Queen Mary, Princess Victoria Mary of Teck (May 26, 1867 - March 24, 1953), known popularly as "Princess May," was the Queen consort of King George V of the United Kingdom. She officially used the names "Victoria Mary" until her husband ascended the throne in 1910.
Born Her Serene Highness Princess Victoria Mary Augusta Louise Olga Pauline Claudine Agnes of Teck at Kensington Palace, the daughter of the impoverished Francis, Duke of Teck, she was a great-granddaughter of King George III and a first cousin once removed of Queen Victoria. Her mother was Queen Victoria's first cousin, Princess Mary Adelaide of Cambridge, a rather short, vastly stout royal popularly and apparently happily known as "Fat Mary" ("The mob like fat people," Queen Victoria reportedly said of her 200-plus-pound cousin's ceaseless celebrity).
Despite her Serene Highness rank (her beloved father was the product of a morganatic marriage that left him questionably semi-royal), Princess Mary (May) of Teck was at first engaged, in 1891, to Prince Albert Victor, Duke of Clarence and Avondale ("Prince Eddy"), the elder son of the Prince of Wales (later King Edward VII of the United Kingdom). On Prince Eddy's sudden death, she became engaged to his younger brother, Prince George, who was duly created Duke of York. They were married on July 6, 1893, at St James's Palace.
The Royal Family in 1913
''From left to right, King George V, Princess Mary,
Prince Edward (future Edward VIII) and Queen Mary
World War I was an ordeal for the British Royal Family, because of its German connections. Queen Mary, in particular, had spent much of her childhood in Germany and remained in contact with her German relations for much of the war. The King suffered from recurring illnesses after 1928. He died in 1936. The widowed Queen Mary, now a Queen Mother, attempted to dissuade her eldest son, Edward VIII of the United Kingdom, from marrying Wallis Simpson and abdicating the throne. She found her failure difficult to accept and refused to receive Wallis even after their marriage. She lived on to see her second son, George VI of the United Kingdom, make a success of his reign. In a show of family solidarity following the Abdication Crisis, Queen Mary attended the coronation of George VI and Queen Elizabeth at Westminster Abbey in May 1937. In doing so, she broke a centuries old custom that English (and later British) queens dowager did not attend the coronations of their successors.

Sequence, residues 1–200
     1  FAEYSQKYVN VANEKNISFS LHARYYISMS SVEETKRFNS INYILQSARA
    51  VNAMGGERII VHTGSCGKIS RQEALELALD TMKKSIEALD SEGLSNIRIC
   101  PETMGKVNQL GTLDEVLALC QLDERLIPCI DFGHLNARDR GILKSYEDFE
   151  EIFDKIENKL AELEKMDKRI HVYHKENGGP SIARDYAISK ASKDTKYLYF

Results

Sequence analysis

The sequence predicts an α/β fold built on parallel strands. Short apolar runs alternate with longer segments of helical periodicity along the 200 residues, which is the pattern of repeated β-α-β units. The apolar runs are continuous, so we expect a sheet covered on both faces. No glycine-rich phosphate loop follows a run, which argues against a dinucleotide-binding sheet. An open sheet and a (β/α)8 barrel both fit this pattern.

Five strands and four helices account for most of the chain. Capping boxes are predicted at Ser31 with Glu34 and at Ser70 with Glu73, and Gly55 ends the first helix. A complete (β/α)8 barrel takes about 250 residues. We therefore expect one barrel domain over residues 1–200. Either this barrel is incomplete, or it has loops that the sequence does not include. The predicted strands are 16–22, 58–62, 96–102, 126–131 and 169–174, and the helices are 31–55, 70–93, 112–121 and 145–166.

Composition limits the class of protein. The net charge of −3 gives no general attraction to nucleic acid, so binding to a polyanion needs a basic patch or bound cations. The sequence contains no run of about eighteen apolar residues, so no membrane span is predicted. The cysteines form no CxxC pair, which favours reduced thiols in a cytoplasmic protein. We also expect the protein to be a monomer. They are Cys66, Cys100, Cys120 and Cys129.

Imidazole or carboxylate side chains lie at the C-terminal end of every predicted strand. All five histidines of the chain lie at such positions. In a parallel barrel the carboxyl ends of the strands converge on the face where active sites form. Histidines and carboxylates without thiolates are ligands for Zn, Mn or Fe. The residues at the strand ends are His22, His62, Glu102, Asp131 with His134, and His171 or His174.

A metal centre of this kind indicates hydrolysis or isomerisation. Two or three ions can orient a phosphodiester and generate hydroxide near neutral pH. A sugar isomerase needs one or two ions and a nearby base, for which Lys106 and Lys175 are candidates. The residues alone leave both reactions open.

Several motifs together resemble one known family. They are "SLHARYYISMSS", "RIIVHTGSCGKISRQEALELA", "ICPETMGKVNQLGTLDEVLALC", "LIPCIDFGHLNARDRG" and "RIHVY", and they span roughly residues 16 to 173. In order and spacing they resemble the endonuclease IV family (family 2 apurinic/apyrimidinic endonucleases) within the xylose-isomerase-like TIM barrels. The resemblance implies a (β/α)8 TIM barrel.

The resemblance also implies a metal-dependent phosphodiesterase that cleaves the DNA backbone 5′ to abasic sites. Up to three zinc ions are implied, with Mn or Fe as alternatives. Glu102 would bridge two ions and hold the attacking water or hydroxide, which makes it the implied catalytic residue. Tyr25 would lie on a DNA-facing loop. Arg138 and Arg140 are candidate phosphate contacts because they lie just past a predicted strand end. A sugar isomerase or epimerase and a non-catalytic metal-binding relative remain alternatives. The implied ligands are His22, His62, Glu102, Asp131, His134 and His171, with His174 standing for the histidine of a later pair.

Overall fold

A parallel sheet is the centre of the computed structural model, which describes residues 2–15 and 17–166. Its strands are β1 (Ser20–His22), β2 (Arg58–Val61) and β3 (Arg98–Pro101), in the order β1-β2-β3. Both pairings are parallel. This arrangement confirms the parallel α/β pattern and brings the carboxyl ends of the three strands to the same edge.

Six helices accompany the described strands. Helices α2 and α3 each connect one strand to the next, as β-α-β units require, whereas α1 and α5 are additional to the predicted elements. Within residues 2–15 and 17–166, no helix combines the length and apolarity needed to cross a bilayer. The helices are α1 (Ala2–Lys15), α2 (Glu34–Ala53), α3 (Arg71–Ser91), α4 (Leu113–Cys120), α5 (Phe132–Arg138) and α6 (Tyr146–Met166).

Following the death of husband, Queen Mary moved from Buckingham Palace to Marlborough House, formerly the London residence of her widowed mother-in-law, Queen Alexandra from 1910 to 1925. During World War II, she lived at Badminton with the Duke of Beaufort. The duchess was her niece, the former Lady Mary Cambridge (1897-1987), elder daughter of Adolphus, 2nd Duke of Teck and 1st Marquess of Cambridge).
On George VI's death in 1952, Queen Mary's eldest granddaughter came to the throne as Queen Elizabeth II, but she did not survive to see the coronation in the following year. She died in London on March 24, 1953, and was buried next to her husband in St. George's Chapel, Windsor. Queen Mary was regarded as the matriarch of the royal family; her funeral and lying-in-state created unprecedented scenes of public mourning.
It is said that E. M. Forster once bowed to the cake at a wedding reception when he mistook it for Queen Mary. One of the queen's godsons, Sir Michael Duff, did a killingly funny imitation of her, in full drag, and once, to his surprise, Sir Michael bumped into the queen when he was in full Marian costume. The queen reportedly took no notice, greetly him warmly, and walked on.
Queen Mary's titles from birth to death were as follows:
- Her Serene Highness Princess Victoria Mary of Teck (May 26, 1867 to July 6, 1893)
- Her Royal Highness The Duchess of York (July 6, 1893 to January 22, 1901)
- Her Royal Highness The Duchess of Cornwall and York (January 22-November 9, 1901)
- Her Royal Highness The Princess of Wales (November 9, 1901 to May 6, 1910)
- Her Majesty Queen Mary (May 6, 1910 to March 24, 1953)